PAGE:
Novelist Ruth Rendell, Author Of 'Wexford' Books, Dies At 85

Novelist Ruth Rendell, Author Of 'Wexford' Books, Dies At 85

2:05pm May 02, 2015
A September 1995 photo shows Ruth Rendell, in London. The prolific crime writer died Saturday at the age of 85.
A September 1995 photo shows Ruth Rendell, in London. The prolific crime writer died Saturday at the age of 85.
Max Nash/AP

British mystery and crime writer Ruth Rendell — one of the most prolific authors in the genre, with more than 60 novels — has died at age 85 following a stroke in January, her publisher said in a statement.

"It is with great sadness that the family of author Ruth Rendell, Baroness Rendell of Babergh, CBE, announce that she passed away in London at 8am on Saturday 2 May, aged 85. The family have requested privacy at this time," Hutchison said in the statement.

Rendell was best known for creating Inspector Reginald Wexford, a character that was later translated for television, becoming a popular series on British TV.

NPR's Petra Mayer says: "Rendell — along with her friend PD James — pioneered the psychological thriller. Not for her the cozy mystery, Colonel Mustard in the Conservatory with the lead pipe. Her characters were dark and damaged; unraveling her stories required a psychiatrist's couch, not a detective's magnifying glass. Rendell told NPR in 2005 that crime itself wasn't all that interesting."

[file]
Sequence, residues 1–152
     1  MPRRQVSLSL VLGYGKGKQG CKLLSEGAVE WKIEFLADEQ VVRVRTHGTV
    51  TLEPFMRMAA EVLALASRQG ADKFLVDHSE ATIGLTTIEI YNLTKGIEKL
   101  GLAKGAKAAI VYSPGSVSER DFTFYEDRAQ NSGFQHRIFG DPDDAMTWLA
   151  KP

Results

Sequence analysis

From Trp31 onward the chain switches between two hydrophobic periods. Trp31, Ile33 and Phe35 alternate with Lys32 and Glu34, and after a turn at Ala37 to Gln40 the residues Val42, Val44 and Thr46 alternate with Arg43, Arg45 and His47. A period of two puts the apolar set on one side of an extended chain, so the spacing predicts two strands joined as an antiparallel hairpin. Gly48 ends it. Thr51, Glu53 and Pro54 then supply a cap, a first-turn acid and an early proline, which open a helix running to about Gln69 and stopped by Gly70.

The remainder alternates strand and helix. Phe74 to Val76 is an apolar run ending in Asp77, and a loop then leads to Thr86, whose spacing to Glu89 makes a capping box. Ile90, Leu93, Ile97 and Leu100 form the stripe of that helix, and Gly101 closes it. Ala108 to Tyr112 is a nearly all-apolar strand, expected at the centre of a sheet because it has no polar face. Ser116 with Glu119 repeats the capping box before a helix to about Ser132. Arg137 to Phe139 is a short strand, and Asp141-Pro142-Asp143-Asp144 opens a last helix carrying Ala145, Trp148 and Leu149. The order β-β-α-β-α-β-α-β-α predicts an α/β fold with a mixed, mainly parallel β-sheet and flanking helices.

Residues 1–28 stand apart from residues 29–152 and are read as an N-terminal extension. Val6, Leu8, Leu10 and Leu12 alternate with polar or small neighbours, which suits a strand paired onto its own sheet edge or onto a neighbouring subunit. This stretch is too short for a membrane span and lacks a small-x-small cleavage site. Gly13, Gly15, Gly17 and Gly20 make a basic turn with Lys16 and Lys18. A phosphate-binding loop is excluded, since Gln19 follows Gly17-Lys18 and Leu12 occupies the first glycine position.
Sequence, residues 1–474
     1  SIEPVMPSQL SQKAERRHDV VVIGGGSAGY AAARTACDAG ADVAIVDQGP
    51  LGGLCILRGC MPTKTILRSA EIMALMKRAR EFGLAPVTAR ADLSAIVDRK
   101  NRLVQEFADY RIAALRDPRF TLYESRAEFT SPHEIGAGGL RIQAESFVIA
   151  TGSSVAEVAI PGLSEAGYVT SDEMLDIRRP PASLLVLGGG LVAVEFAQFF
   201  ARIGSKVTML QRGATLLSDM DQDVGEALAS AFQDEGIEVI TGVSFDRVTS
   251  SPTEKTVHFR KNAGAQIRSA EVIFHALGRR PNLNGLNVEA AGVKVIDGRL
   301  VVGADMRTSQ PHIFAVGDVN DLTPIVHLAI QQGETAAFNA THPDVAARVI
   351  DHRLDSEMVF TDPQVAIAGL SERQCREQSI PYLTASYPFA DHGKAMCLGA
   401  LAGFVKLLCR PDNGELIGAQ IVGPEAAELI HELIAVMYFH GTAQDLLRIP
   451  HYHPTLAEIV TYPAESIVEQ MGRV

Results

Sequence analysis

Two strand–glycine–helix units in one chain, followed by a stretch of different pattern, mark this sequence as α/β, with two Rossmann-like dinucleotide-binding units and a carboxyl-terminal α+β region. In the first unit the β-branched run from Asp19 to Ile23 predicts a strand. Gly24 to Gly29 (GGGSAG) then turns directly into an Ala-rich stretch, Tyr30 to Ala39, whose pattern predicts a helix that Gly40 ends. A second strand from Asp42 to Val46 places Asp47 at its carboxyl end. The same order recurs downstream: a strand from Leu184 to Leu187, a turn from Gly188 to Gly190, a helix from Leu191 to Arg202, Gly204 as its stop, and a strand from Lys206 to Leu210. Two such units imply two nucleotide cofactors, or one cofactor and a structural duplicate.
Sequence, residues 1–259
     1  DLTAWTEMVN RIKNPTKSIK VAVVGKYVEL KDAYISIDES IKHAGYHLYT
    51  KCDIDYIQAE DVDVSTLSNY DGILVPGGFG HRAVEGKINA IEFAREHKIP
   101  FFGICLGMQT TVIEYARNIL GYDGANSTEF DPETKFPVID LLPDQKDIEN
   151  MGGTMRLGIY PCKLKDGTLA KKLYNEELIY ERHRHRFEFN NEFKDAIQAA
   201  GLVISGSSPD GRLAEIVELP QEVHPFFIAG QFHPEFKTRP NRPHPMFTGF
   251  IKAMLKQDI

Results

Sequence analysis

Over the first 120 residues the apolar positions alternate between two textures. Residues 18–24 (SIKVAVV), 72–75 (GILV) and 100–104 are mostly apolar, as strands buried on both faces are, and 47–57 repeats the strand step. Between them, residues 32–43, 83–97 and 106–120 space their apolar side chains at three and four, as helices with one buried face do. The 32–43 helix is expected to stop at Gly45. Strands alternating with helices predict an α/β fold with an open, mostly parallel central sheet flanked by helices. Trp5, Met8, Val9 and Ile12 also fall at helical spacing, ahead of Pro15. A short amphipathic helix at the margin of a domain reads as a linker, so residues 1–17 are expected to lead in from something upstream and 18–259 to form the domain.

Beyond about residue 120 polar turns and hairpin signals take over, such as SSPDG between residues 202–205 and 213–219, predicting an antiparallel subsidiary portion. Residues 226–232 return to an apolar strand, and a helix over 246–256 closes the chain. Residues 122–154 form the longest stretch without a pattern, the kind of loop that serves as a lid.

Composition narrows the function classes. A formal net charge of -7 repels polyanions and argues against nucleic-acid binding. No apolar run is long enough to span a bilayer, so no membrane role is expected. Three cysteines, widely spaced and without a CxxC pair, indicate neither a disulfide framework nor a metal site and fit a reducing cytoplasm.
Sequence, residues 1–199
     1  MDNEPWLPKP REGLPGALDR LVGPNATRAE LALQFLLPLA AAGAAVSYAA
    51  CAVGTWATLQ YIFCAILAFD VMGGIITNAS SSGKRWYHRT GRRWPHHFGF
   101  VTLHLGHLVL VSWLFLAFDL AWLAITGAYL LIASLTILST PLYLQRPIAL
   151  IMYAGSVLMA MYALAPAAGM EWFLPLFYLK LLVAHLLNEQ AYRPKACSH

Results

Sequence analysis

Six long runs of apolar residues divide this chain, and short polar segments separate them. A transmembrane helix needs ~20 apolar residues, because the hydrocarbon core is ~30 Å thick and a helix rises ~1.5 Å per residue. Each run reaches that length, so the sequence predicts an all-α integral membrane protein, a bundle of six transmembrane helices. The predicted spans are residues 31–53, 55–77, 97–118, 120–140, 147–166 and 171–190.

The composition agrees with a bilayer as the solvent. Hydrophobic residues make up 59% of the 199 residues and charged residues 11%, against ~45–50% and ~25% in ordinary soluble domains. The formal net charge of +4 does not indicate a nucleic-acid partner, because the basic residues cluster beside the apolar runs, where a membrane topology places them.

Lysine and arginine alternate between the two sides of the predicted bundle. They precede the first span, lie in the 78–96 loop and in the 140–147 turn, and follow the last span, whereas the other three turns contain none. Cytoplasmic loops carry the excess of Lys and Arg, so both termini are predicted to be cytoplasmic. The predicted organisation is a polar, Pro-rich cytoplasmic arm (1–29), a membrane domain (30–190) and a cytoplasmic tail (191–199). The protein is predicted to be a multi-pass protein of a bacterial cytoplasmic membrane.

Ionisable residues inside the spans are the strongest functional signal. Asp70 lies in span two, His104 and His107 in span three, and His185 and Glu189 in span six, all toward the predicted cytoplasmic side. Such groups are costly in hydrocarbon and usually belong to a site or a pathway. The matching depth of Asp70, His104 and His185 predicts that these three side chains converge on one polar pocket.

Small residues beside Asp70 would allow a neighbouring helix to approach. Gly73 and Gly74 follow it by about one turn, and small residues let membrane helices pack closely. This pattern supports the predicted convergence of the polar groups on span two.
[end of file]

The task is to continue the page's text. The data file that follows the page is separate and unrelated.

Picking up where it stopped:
"I'm fascinated with people and their characters and their obsessions, and these things lead to crime, but I'm much more fascinated in their minds," she told NPR.

The BBC says:

"Her first Wexford book, From Doon with Death, was published in 1964, beginning a series of more than 20 starring [Wexford], played in the TV series by George Baker.

"Many of her works were translated into more than 20 languages and adapted for cinema and TV, attracting worldwide sales of 60 million."

And The Guardian writes: "Her novels, from A Judgement in Stone, which opens with the line 'Eunice Parchman killed the Coverdale family because she could not read and write,' to last year's The Girl Next Door, which sees the bones of two severed hands discovered in a box, cover topics from racism to domestic violence. They have, her friend Jeanette Winterson has said, been 'a major force in lifting crime writing out of airport genre fiction and into both cutting-edge and mainstream literature.'"

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